One of the strangest things about “Triffin’s
Dilemma” is not that Robert Triffin said something
in the mid-1960s, but rather that people still take this stuff seriously a
half-century later. It’s basically nonsense. But, it seems that, in fifty
years, nobody has appeared to call a spade a spade. It just shows the very
low level of understanding that has characterized these issues for over half
For the last hundred and fifty years, some countries have operated gold
standard systems using a “reserve currency” as a reserve asset. In practice,
they don’t actually hold the currency – base money – but rather government
bonds denominated in that currency. Before 1914, this was mostly British
government bonds, and after 1944 it was U.S. Treasury bonds.
There is nothing particularly strange about this. Since 1700, and indeed
earlier, banks operating a gold standard system have generally held some form
of debt as a reserve asset. There isn’t really much difference between
holding the gold-linked debt of the domestic government or the gold-linked
debt of a foreign government.
Obviously, if a currency issuer (let’s assume central bank) holds British
government bonds as a reserve asset, then it will have to purchase said bonds
at some point. This is not inherently different that anybody buying a bond,
such as a private investor. You buy it, and then you own it. Not too
Does this cause a “current account deficit”? No, it does not. The current
account deficit basically reflects capital imports and exports, or, to put it
a slightly different way, the difference between domestic savings and
domestic investment. Let’s take a specific example: The savings rate
(financial capital generation) in Britain is 10% of GDP. Of this, 4% is used
domestically, and 6% goes into foreign investments. Thus, Britain runs a
“current account surplus” of 6% of GDP, which was actually the case in the
pre-1914 era, when the British pound was the world’s premier reserve
British investors end up with net financial and other assets (mostly bonds)
equivalent to 6% of GDP. However, this is a net figure: the gross figures
might be purchases of foreign assets of 10% of GDP, and sale of British
assets of 4% of GDP. Some of those gross sales of British assets could be British
government bonds purchased by foreign central banks. No problem with that.
Much the same thing was happening in the U.S. While Robert Triffin was wailing about the supposedly inevitable and
horribly destructive U.S. current account deficit, the U.S. was actually running a persistent current
Robert Triffin couldn’t figure out the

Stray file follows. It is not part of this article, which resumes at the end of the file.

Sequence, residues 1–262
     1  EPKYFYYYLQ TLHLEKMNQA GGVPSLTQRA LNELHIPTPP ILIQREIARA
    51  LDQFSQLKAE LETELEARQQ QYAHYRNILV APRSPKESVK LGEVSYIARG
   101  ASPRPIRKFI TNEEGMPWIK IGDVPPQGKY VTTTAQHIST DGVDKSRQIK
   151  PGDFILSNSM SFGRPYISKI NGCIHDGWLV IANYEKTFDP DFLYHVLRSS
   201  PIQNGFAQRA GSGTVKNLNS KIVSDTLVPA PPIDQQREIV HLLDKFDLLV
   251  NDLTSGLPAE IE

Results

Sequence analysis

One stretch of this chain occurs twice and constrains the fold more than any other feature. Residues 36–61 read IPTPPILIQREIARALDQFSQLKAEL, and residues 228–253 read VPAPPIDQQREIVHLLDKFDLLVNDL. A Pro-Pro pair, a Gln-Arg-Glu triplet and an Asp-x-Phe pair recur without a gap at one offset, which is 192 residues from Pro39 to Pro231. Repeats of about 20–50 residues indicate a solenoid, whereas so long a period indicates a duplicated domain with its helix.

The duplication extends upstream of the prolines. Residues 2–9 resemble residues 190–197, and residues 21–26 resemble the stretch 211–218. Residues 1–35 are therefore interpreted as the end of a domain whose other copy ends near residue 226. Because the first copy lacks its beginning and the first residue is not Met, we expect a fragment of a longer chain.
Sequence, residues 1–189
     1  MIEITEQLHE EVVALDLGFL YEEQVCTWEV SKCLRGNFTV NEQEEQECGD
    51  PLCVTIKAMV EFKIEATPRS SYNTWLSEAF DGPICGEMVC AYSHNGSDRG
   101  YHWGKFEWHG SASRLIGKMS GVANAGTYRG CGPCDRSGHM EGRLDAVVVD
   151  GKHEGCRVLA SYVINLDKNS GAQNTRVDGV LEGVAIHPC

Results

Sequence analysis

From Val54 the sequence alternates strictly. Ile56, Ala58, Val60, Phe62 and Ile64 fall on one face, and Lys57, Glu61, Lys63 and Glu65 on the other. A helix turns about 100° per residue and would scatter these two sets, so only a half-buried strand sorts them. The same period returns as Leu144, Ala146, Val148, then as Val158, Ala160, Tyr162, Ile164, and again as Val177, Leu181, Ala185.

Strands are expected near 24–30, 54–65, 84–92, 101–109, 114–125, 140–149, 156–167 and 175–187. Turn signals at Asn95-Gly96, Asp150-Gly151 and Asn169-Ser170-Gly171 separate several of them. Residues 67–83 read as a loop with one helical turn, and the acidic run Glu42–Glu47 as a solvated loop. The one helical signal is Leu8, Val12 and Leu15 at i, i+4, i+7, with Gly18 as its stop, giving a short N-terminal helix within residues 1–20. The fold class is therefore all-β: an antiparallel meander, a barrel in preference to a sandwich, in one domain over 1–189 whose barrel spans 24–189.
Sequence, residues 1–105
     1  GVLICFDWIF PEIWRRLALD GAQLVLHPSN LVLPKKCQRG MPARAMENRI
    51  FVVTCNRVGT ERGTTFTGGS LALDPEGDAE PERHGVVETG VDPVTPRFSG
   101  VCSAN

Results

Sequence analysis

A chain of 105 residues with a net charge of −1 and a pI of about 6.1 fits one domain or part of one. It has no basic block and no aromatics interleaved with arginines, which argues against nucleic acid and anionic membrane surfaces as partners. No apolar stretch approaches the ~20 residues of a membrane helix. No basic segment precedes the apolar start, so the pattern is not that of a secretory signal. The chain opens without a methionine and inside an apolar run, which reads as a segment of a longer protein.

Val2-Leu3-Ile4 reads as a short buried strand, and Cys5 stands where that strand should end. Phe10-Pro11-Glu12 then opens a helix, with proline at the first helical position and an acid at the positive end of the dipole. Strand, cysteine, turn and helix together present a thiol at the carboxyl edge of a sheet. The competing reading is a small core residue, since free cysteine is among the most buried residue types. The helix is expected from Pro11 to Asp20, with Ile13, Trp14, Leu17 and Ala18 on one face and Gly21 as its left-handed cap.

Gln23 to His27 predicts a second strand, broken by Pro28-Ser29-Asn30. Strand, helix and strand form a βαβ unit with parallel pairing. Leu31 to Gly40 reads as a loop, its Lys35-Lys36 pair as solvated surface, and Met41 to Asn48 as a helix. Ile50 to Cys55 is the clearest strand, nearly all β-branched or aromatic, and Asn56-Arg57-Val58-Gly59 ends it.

plus-or-minus sign on this basic statistic.
When the Bretton Woods system ended in 1971, the United States had run a
current account surplus every year since 1960.
Nevertheless, legions of people, including serious economists, have talked
about how the Bretton Woods system broke apart due to the “inevitable current
account deficit” caused by “Triffin’s Dilemma.”
For fifty years.
This is so stupid, I just have to laugh.
Robert Triffin was reacting to some genuine
problems in the Bretton Woods system. The problem had nothing to do with
“reserve currencies” or the balance of payments, but rather with the fact
that the United States was not properly operating a gold standard system to
keep the value of the dollar at its promised $35/oz. Bretton Woods parity.
At the time, the United States had a “gold standard policy” – the $35/oz.
parity – but it did not have a “gold standard system,” in other words, the
proper automatic currency-board-like operating procedures to implement the
Instead, the U.S. had a basically Keynesian interest-rate targeting system.
The value of the dollar naturally varied from its gold parity. Until 1971,
the U.S. didn’t get so aggressive with its discretionary “domestic monetary
policy” that it couldn’t keep things more-or-less in line, typically with
heavy-handed application of capital controls and various jiggering like the
“London Gold Pool.”
That changed in February 1970. William Martin, who had been the governor of
the Federal Reserve since 1951, was replaced by Arthur Burns. Burns was
handpicked by Richard Nixon to resolve the minor recession of the time with
an “easy money” policy.
Burns and the Nixonites decided that, to resolve
the recession, nominal GDP should grow by 9%. It was “nominal GDP targeting,”
which has become popular again among today’s generation of Keynesian economists,
who think they invented something new.
This 9% nominal GDP growth was to come via the printing press. Burns ramped
up money creation and lowered interest rate targets.
This “easy money” was totally contradictory to the policy of keeping the
value of the dollar at its $35/oz. Bretton Woods parity. On August 15, 1971,
Nixon resolved the conflict by effectively ending the U.S. gold standard
policy. The floating currency era began.
It was supposed to be temporary. Burns, Nixon and others didn’t really understand
that the money-printing strategy and the gold standard policy were
This was no surprise – nobody else understood it either, including Robert Triffin. It was a time of incredible ignorance.
The main reason that we don’t have a gold standard today is not because it
didn’t work, or because the floating fiat currency system is better. There
was no rational decision-making involved. Mostly, I think it is the natural
outcome of mind-bending idiocy.
(This item originally appeared in Forbes.com on January 18, 2013.)